By Steven Minsky, CEO of LogicManager, Inc.
Corporate misbehavior is nothing new, and corporations may not be acting any worse than they have in the past. What has changed, however, is the technology that uncovers and disseminates their actions and inactions.
Rapidly advancing technologies that allow for faster information sharing like Facebook, Twitter, Glassdoor, and Yelp have enabled the public to share their opinions instantly. Now, a simple Google search on a company can yield several years-worth of scandals.
According to a 2017 study, approximately 63% of American consumers hope that businesses will take the lead to initiate social and environmental changes going forward, in the absence of government regulation. Where government regulators are slow to act, customers and investors are expecting—and demanding—that companies will work to prevent scandal by mitigating risk.
Companies today are operating in a “see-through economy.” We’re living in an age of transparency where the public is empowered to impact a company’s reputation, and PR departments can no longer control a company’s image, amplifying the impact of their wrongdoings in three ways:
- Consumers can easily set expectations, speak out when they aren’t met, and move their business to companies that meet their expectations.
- Investors can seamlessly connect scandals to corporate negligence and a company’s inability to retain customer loyalty, which has spawned several class-action lawsuits.
- Regulators are attuned to what rights are being neglected and impose sanctions to ensure they are met in the future.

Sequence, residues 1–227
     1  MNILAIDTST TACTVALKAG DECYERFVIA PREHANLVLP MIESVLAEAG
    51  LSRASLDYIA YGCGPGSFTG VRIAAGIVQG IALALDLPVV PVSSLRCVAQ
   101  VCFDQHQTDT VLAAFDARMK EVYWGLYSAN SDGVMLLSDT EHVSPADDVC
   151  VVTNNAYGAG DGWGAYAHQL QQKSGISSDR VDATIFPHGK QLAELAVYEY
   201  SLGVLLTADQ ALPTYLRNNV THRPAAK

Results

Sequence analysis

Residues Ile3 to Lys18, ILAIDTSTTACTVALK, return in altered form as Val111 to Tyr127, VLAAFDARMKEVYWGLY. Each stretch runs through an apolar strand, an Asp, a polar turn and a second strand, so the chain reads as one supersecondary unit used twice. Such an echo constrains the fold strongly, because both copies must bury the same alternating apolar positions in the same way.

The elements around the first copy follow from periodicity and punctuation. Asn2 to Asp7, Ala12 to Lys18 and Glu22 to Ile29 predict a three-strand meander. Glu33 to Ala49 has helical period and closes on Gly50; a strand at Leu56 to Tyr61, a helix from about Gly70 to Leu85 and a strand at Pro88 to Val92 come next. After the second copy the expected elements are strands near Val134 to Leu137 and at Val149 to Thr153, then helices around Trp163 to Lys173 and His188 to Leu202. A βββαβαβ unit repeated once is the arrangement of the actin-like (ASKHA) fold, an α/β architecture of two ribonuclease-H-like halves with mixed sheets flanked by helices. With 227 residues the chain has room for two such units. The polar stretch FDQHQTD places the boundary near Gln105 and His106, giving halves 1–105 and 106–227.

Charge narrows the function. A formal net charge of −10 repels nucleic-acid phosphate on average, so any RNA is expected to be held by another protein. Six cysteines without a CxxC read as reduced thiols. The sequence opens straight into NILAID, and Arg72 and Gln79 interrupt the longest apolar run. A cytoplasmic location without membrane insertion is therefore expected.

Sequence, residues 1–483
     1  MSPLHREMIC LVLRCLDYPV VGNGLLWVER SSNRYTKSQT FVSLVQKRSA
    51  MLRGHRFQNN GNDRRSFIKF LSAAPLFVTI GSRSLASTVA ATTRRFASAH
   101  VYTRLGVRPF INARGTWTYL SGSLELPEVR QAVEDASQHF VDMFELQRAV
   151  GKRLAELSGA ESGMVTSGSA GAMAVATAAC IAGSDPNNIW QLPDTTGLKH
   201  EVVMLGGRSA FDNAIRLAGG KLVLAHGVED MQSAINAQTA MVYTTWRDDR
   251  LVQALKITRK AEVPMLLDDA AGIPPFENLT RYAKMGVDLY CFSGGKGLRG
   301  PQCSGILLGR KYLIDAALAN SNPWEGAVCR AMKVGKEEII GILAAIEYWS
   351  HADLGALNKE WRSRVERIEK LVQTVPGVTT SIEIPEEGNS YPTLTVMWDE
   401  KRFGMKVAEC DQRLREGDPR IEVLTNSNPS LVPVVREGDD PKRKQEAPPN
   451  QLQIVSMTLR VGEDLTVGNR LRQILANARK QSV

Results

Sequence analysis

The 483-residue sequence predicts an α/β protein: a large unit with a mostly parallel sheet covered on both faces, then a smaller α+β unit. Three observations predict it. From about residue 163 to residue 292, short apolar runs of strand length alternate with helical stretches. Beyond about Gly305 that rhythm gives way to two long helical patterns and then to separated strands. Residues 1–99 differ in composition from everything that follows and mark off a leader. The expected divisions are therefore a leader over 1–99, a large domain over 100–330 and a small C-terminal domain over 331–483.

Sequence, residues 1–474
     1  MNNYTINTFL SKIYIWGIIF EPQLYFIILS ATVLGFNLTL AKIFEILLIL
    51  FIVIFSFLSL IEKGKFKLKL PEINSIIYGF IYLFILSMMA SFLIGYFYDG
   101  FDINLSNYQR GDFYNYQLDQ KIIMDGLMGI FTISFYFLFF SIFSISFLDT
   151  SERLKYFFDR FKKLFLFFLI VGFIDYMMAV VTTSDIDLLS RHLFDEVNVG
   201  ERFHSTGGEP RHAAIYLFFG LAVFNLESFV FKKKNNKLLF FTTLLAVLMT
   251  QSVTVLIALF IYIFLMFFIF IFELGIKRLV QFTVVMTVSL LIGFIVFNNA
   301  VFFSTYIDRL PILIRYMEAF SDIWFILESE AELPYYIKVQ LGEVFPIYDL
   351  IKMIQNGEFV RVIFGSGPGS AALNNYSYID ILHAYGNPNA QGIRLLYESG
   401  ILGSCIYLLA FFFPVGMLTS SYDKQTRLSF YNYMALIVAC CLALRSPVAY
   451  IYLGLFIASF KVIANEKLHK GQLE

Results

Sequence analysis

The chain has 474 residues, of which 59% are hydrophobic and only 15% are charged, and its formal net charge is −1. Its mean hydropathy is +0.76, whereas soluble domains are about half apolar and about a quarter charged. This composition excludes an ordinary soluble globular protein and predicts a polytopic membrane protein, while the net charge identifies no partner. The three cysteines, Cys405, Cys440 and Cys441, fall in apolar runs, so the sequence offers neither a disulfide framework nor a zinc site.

The Facebook and Equifax scandals exemplify this trend. Learn what these two seemingly unrelated risk management failures have in common and what you can do to avoid repeating them in your organization. We’ll share the tactical steps every company should take to avoid regulatory fines, costly litigation, and the even-graver long-term consequences of reputational destruction, without having to invest in expensive technology solutions.
Organizations need to integrate and account for reputational risk across all departments and levels. Implementing enterprise risk management programs with the proper infrastructure is the most effective way for corporations to protect their reputations, consumers, investors, and communities.
Learn more by attending our session, Facebook and Equifax: Meeting Increased Customer Expectations, Not Just Regulatory Requirements, hosted by Steven Minsky, CEO of LogicManager and author of the RIMS Risk Maturity Model. The session runs from 1 pm to 4 pm on October 21, 2018.